The New School: How the Information Age Will Save American Education from Itself

Like any relic of the industrial revolution, it’s time we took a wrench to the American education system. Or a bulldozer, argues Glenn Reynolds, distinguished professor of law at the University of Tennessee and InstaPundit blogger. In this book, he contends that the system will soon break down and reform will be unavoidable. In the first half of the book, he focuses on higher education, while in the second he touches on the K–12 bubble. Reynolds points out that the cost of education rapidly ballooned over the past few decades, while the substance diminished in value. College tuition has increased 7.45 percent per year since 1978, even outstripping the cost of housing (4.3 percent per year). Meanwhile, the real cost of K–12 education nearly tripled in that time. For all that expense, K–12 test scores have flat lined since 1970, and a study featured in the book Academically Adrift found that 36 percent of students demonstrated no academic improvement after four years in college. Meanwhile, society teaches teenagers to be infantile consumers of an inherently valuable education and blinds them to their potential value as skillful producers. Reynolds concludes that advances in technology and innovations in choice will bring reform and that public schools can either embrace that change or become obsolete. Parents and students will begin to reassess the skewed cost/value ratio and demand fundamental restructuring. While the book offers few substantive suggestions and no timeline, it does serve as a reminder that like any defective product, it is not a matter of if but when it will break.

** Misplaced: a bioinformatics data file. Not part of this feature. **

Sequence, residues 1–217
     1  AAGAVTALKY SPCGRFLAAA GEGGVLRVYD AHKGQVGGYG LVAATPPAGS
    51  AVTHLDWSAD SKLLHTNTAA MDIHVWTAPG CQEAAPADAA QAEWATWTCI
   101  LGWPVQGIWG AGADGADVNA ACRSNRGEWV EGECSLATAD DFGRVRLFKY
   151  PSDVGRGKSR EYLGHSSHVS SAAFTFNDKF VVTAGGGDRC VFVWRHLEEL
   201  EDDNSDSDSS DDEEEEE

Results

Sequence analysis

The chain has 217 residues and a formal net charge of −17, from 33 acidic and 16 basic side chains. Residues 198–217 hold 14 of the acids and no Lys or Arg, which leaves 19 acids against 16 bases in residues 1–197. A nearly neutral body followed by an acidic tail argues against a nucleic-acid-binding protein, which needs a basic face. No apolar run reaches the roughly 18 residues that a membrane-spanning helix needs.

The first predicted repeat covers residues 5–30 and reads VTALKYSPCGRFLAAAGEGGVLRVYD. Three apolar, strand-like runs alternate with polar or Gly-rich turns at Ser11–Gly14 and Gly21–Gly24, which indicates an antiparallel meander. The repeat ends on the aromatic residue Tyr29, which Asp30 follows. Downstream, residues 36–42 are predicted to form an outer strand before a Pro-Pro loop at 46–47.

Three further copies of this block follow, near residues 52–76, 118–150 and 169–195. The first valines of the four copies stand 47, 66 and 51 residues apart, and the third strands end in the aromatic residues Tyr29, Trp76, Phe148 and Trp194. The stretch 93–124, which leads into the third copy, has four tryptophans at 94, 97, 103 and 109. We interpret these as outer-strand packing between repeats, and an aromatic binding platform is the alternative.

SOURCE: Glenn Harlan Reynolds, The New School: How the Information Age Will Save American Education from Itself (Jackson, TN: Encounter Books, 2014).

 

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